Eight years. For a player blessed with all the required weapons, that’s a ridiculous amount of time. Twenty-three different golfers have won a major since McIlroy won the US PGA Championship in 2014, the fourth of his tour.

Zach Johnson has won a major title since then. So has Danny Willett. So have Jimmy Walker and Gary Woodland. Francesco Molinari is a more recent big winner than the perennial contender. Woods and Phil Mickelson, glorious lights of other days, did it. Even Sergio Garcia, the ever-almost-man, has crossed the line more recently than McIlroy.

If you had said that Sunday in Valhalla in 2014 that McIlroy would not win any of the next 29 major championships, people would have walked away from you with a mixture of pity and fear in their eyes.

McIlroy recently said that back then he hadn’t even heard of Collin Morikawa or Rahm. A new generation has appeared. Eight different players have won the last eight majors. It has been the narrative of McIlroy’s life for a long time. ‘When is Rory going to win another one of these things?’ has become ‘Is Rory winning another one of these things?’

“Pressure situations are a challenge for him,” said Paul McGinley, his former Ryder Cup captain.

“He doesn’t have a Plan B to switch to when things aren’t going well,” said Nick Faldo, a man who never really needed a Plan B because his Plan A was usually so good.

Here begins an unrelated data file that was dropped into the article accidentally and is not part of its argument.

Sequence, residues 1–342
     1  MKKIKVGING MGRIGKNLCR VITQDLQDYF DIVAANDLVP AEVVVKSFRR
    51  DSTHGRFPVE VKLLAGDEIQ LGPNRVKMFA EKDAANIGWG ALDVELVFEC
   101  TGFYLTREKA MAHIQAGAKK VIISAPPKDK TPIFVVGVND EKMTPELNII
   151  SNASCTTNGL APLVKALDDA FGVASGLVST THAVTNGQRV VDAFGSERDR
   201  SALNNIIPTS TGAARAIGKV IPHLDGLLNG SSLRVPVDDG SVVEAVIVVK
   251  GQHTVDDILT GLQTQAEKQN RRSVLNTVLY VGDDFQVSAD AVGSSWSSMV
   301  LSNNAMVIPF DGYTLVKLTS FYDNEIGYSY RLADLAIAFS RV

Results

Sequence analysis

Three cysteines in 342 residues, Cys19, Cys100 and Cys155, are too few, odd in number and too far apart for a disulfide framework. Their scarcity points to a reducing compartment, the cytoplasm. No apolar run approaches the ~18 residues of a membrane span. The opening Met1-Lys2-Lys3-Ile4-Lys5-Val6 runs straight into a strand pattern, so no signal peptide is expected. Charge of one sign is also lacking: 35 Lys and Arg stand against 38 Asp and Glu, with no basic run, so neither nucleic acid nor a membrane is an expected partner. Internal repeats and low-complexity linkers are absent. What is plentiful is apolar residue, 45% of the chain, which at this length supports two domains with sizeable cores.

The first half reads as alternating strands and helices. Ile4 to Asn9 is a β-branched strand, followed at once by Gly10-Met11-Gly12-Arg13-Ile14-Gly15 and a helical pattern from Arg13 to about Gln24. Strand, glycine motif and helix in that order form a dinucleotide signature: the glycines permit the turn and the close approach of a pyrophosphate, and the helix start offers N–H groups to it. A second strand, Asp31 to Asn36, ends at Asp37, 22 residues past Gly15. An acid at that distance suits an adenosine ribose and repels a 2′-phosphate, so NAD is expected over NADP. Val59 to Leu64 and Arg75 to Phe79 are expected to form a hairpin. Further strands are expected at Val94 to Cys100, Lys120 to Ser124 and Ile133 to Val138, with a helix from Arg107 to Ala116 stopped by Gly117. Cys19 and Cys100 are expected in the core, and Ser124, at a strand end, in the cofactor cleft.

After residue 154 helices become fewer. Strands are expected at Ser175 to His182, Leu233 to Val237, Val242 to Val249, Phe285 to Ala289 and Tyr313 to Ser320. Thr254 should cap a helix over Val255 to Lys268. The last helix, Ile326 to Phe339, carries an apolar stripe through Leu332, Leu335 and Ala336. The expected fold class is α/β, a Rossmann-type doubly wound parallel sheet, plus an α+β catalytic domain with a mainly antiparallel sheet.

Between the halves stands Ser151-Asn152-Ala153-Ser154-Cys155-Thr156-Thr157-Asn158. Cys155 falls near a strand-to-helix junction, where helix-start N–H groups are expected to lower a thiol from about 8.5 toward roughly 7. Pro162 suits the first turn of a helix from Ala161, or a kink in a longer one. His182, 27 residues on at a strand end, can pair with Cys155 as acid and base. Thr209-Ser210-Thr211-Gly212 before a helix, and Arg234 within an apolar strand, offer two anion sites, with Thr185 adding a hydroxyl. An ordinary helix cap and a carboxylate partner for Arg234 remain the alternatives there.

‘The leaderboard could hardly look better for him’

McIlroy is one of the most scrutinized golfers in recent history because he’s one of the most interesting and talented golfers we’ve ever seen. He’s also won just about everything else in those eight major-free years. A players championship, world golf titles, national open, Fed-Ex titles, Race to Dubai crowns.

The thought of him entering his ninth year without one of the most sought-after trophies in the game is staggering. Thursday made you believe that maybe I don’t have to.

“It never feels easy,” he said. “There were crucial moments in the round. I made a good birdie putt on the eighth hole, hit it three feet away. I wasn’t really that comfortable with the second putt, but I stepped forward, committed to a good putt. It’s like these little parts of the rounds that put you to the test.

“And I feel like every time the round did that to me, I was able to get through it. The golf course is playing so, so short. [on the 615-yard par-five 14th he hit driver, wedge – and his approach was long]. But it’s still complicated. It’s not like everyone is turning off the lights.”

McIlroy talked about the delays that exist, the game within the game. “It’s pretty intermittent, but I think St. Andrews is like that. There’s a lot of criss-crossing and waiting on the greens to clear up because of the manageable par fours. So I think, especially the first two days when it’s a packed course, you’d expect “.

The game is good, the mind is good, the leaderboard could hardly look better for him. Since last tasting victory on the biggest stages, McIlroy has finished in the top 10 in the majors 16 times and in the top five eight times.

“I had a shot at Carnoustie in 2018,” he said. “I played in the final group with Patrick Reed in 2018 at Augusta. He was tied for the lead with nine holes to go at Torrey Pines. [US Open, 2021]. I have had some occasions and I have not capitalized”.

It’s too soon to tell if this is the one, but it’s not too soon for its legions of fans (they’re all over the place here) to start dreaming. Another bright day on Friday and McIlroy fans will be asking for smelling salts.